Headline risk remains in the fixed income space. On Wednesday, the Labor Department said that the June reading of the Consumer Price Index (CPI) checked in at 9.1%.
That increase was larger than expected and represents another 40-year high. It’s also stoking speculation among bond market participants that the next interest rate hike from the Federal Reserve could be as high as 1%. To put that 1% into context, the central bank’s prior three rate hikes this year total 1.5%.
Obviously, the more rates rise, the more pain is incurred by longer-dated bonds. On the one hand, there are opportunities in the middle of the duration spectrum, including with beaten-up municipal bonds. Enter the Franklin Dynamic Municipal Bond ETF (FLMI ). The actively managed FLMI has an average duration of 5.73 years. Add to that, some experts are modestly bullish on munis, assuming some easing of interest rate volatility is realized this year.
“Although valuations look attractive, summer seasonal trends are historically favorable, and credit fundamentals remain sound, we continue to believe that near-term performance will remain dependent on interest rates,” according to BlackRock research.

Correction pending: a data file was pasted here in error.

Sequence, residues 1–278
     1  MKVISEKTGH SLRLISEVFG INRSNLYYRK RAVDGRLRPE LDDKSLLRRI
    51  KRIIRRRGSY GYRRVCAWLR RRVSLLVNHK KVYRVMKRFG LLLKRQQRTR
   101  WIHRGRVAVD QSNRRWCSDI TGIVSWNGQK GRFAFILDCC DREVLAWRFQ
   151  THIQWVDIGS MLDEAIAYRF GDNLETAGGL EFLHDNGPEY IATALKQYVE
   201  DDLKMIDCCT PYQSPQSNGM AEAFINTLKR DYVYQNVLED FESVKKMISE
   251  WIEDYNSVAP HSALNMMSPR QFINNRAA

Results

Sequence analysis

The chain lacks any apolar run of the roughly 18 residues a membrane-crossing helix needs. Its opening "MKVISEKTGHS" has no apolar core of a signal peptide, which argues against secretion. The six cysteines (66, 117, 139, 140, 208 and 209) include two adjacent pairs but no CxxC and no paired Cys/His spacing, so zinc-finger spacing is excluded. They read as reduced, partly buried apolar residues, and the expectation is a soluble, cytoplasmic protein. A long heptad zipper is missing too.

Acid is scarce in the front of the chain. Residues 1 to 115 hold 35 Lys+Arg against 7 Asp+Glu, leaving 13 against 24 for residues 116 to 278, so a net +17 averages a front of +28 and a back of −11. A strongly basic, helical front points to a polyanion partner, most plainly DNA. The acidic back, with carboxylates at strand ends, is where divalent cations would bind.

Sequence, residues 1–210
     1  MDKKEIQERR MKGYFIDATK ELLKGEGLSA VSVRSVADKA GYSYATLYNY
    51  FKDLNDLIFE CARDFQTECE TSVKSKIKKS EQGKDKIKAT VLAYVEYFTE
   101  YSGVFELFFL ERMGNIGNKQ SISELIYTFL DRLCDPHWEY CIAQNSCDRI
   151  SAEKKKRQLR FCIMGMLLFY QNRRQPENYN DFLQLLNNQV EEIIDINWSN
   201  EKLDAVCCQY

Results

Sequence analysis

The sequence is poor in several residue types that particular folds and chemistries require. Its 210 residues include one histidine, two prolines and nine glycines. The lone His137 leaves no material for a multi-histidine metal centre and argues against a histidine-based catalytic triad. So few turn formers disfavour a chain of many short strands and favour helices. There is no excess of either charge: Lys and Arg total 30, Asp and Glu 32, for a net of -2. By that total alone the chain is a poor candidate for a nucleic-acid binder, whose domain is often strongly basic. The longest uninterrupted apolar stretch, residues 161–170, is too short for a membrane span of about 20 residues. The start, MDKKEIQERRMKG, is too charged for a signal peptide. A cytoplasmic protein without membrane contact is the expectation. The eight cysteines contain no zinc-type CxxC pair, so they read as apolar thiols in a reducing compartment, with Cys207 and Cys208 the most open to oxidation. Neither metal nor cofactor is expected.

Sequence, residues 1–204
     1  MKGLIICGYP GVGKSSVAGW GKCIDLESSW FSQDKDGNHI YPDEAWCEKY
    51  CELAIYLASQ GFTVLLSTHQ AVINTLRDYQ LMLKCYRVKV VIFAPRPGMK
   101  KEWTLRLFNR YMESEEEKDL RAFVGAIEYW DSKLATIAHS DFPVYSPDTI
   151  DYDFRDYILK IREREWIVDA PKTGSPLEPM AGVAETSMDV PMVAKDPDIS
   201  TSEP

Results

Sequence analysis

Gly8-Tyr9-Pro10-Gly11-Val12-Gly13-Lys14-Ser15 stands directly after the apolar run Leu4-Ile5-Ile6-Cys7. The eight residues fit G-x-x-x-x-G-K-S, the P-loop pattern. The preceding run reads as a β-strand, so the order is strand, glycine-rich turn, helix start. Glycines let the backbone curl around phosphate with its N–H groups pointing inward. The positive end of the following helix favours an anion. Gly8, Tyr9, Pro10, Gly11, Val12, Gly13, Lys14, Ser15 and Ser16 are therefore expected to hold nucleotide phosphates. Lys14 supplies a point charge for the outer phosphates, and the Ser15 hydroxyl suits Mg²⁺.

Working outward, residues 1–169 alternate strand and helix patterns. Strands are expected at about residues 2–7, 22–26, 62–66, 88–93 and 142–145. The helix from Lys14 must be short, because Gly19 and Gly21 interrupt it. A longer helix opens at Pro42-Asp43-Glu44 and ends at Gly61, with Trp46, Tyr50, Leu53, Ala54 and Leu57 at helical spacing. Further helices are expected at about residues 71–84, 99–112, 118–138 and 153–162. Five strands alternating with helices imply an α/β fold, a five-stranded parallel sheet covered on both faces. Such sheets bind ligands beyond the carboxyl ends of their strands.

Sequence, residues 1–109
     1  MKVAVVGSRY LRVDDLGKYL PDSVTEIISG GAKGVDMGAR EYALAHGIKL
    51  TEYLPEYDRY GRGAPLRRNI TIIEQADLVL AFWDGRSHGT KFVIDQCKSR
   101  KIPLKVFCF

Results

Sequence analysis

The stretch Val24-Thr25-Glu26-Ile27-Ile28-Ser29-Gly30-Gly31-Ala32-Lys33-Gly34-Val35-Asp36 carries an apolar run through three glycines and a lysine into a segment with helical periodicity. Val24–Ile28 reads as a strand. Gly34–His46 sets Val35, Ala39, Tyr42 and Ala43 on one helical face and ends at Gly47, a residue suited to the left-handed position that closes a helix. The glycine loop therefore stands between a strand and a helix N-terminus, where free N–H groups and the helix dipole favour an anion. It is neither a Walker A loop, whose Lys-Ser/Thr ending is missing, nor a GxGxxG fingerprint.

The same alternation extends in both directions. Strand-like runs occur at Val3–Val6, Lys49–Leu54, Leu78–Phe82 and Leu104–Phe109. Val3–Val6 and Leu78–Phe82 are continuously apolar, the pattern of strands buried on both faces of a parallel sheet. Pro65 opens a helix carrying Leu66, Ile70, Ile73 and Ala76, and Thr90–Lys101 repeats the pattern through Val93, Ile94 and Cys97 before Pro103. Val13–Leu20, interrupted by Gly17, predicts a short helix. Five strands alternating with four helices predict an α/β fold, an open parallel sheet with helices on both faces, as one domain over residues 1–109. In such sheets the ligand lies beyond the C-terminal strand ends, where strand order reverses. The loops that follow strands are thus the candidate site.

While fixed income investors are understandably skittish as the Fed nears what could be a steep rate increase with more to follow, these are the times when active management has benefits. For example, FLMI’s managers can potentially lower duration risk as needed while still finding compelling credit opportunities.
Speaking of credit opportunities, the good news for FLMI investors is that municipal bond market fundamentals remain stout despite rising rates.
“However, should steeper borrowing costs materially slow economic growth, municipals are poised to benefit from risk-off sentiment and increased demand for bonds,” added BlackRock. “Solid state-credit fundamentals, specifically strong revenue collections and high reserve levels, have made budget agreements easier to achieve by the deadlines.”
On a related note, Florida, California, and Texas are the three largest state weights in FLMI. While Texas and Florida, the second- and third-largest states respectively, don’t levy income taxes, they are two of the fastest-growing states in the country, and that rapid population growth supports revenue collection on other fronts. For its part, California, the largest and one of the highest-taxing states, is running a record budget surplus, confirming it has robust resources with which to meet municipal bond repayment obligations.
To that end, BlackRock recommends an overweight position on the highest-quality state and local issuers with the sturdiest tax support.
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